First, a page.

WillowSedge Farm

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The Goats

We had a very small dairy goat herd that for about 8 years supplied milk for our own family's use. Currently we are not milking any goats. We have two young does, "Wren" and "Finch," who will be milk-producers in spring 2021. They have a handsome boyfriend, "Nyug," which means "bird" in Hmong.

Goats breed in the fall. They are seasonal breeders, like deer -- it is hard to get them to breed at other times of the year. They are pregnant for 5 months. In February or March they give birth to one to four kids. Twins are the most common.

The goats have a lactation cycle similar to a dairy cow: they start out producing colostrum for a few days, then begin producing milk. Milk production gradually increases for a few weeks, then levels off for a few weeks, then begins to very gradually decline. We have been able to count on 7 months of milk. When the goats are "dry," during their gestation, we really miss the milk! Goats are more productive than most people realize. We get an average of one gallon of milk per goat per day for three months before production starts to decline.

Since our family cannot always keep up with all the milk produced by the goats, I make cheese from surplus milk. I buy rennet tablets from Nasco. One-fourth of a rennet tablet will coagulate 2 gallons of milk.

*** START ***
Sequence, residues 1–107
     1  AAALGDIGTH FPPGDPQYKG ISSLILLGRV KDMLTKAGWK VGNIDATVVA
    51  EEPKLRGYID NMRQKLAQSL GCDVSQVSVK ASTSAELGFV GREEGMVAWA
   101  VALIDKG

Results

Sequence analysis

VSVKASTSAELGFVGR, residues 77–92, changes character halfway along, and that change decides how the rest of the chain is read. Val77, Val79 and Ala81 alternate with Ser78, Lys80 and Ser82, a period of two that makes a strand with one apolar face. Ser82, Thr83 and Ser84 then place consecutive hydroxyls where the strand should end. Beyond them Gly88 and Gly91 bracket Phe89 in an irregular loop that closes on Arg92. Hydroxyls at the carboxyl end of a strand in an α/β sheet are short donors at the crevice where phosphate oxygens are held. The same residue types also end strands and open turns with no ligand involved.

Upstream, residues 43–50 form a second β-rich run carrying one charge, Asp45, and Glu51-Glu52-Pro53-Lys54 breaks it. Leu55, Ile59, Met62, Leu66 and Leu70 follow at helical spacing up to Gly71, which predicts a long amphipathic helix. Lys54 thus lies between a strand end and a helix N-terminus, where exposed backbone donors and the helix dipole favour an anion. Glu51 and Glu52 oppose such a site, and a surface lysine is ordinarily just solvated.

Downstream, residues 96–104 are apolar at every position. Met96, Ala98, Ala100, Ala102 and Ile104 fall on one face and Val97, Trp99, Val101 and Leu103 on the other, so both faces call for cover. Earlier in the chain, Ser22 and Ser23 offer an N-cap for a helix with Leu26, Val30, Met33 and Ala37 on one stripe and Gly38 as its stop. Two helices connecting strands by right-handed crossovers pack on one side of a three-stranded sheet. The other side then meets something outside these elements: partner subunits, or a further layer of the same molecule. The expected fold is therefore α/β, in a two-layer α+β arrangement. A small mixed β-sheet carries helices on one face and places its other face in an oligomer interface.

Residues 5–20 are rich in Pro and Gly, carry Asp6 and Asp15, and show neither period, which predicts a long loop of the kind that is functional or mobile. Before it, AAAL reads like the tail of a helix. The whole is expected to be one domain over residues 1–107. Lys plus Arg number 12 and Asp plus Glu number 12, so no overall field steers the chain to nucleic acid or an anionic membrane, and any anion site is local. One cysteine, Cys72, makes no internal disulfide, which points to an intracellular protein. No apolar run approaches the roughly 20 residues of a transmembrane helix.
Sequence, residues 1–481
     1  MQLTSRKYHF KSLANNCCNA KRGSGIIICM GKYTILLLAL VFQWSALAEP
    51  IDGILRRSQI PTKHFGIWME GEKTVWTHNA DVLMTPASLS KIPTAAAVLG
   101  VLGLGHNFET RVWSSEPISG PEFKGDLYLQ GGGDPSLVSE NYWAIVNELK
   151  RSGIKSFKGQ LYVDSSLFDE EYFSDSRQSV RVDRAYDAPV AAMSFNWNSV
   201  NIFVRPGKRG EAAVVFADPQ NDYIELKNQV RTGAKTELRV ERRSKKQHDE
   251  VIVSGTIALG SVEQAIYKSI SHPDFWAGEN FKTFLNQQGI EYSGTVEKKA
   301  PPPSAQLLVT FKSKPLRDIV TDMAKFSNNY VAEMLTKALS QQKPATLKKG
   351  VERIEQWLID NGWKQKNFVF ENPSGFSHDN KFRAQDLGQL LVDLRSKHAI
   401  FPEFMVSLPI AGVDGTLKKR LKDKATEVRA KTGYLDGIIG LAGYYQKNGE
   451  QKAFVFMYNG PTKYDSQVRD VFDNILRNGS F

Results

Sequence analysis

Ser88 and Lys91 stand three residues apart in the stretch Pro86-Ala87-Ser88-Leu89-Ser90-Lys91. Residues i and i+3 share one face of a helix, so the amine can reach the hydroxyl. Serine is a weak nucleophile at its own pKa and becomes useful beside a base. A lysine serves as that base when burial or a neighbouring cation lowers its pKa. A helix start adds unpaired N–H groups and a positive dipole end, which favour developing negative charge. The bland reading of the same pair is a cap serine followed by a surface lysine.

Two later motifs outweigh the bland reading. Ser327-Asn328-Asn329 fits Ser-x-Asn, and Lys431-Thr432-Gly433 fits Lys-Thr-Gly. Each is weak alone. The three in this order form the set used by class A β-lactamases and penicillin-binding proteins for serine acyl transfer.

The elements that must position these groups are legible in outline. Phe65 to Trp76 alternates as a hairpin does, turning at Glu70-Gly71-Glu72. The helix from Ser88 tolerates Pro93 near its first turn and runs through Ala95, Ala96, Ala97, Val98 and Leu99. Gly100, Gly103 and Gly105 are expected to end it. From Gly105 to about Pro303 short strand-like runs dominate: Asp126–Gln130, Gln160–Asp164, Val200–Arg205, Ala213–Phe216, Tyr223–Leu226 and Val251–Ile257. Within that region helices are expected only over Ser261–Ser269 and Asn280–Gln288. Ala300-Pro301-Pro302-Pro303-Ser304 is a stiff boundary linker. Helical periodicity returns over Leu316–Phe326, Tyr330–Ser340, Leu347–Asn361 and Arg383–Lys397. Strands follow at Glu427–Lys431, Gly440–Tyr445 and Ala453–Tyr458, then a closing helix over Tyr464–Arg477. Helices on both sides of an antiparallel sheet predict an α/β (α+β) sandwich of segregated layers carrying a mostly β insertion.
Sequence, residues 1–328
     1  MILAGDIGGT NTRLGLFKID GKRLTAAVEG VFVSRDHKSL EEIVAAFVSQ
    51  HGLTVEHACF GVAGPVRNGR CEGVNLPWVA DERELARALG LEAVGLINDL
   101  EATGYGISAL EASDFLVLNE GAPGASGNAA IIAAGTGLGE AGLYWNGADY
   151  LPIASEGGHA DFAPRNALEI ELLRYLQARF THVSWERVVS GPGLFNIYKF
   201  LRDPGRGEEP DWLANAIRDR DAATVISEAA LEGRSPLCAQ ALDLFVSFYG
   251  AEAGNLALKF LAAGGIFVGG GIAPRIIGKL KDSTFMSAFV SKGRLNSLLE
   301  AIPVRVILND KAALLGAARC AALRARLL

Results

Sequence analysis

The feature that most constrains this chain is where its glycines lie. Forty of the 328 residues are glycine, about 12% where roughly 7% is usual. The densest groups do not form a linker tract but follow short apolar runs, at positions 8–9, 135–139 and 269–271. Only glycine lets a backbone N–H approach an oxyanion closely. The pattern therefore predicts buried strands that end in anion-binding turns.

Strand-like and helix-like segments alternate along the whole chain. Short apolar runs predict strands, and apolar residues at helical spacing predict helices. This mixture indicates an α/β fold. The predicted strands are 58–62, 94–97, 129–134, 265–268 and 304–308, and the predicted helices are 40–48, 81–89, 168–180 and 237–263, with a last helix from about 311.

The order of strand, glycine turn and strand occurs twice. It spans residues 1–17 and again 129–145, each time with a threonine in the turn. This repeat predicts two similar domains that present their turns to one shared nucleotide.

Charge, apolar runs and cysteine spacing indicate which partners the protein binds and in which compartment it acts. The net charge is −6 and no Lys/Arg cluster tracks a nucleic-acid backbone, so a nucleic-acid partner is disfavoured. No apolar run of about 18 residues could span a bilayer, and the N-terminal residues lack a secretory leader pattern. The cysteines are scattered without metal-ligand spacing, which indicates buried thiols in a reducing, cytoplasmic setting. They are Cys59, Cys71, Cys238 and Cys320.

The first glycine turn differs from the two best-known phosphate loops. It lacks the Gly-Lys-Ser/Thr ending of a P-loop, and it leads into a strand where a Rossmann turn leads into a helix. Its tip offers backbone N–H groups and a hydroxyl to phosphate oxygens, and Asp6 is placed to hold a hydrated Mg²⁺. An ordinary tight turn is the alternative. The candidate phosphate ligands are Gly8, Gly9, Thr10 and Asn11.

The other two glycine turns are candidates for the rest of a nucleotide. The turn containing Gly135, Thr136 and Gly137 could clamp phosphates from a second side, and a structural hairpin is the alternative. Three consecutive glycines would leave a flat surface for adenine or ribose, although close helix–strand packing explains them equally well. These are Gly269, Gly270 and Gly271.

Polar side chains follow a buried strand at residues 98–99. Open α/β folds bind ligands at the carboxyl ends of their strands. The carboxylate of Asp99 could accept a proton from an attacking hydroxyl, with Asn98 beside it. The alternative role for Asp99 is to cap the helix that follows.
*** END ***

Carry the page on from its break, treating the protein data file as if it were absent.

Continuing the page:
A note about raw milk: We do drink raw goats' milk. There is a lot of controversy about raw milk. I have done a fair bit of reading on the subject, and what I've decided for our own family is that we will drink raw milk. The goats are totally free-range, and they find what they need in their diet so that I do not need to give them any de-wormers or other medications.

Since we live here and are accustomed to the bacteria, viruses, and molds that are present here on our farm, we have built up immunity to those things that we may encounter in the milk. Milk goes in the fridge within 10 minutes of when I finish milking, and we use it within a couple of days or else it goes to the pigs or chickens. We have stomach upsets far less often than the national average, and I'm convinced that raw milk from our own goats is safe for us.

On the other hand, I am not willing to sell, trade, barter, or give raw milk to anyone else. I have had a number of requests for this. All of the things that make the raw milk safe for my family break down as soon as the milk goes to someone else.

  • Someone else who doesn't live here would not have immunity built up to the mix of microbes on our farm.

  • Someone else would be transporting that milk for some distance, and the temperature of the milk could creep up during transport.

  • I wouldn't have control over how soon someone else used the milk.

So please, don't ask me for milk! I will say no. I might be willing to sell you a goat, though.

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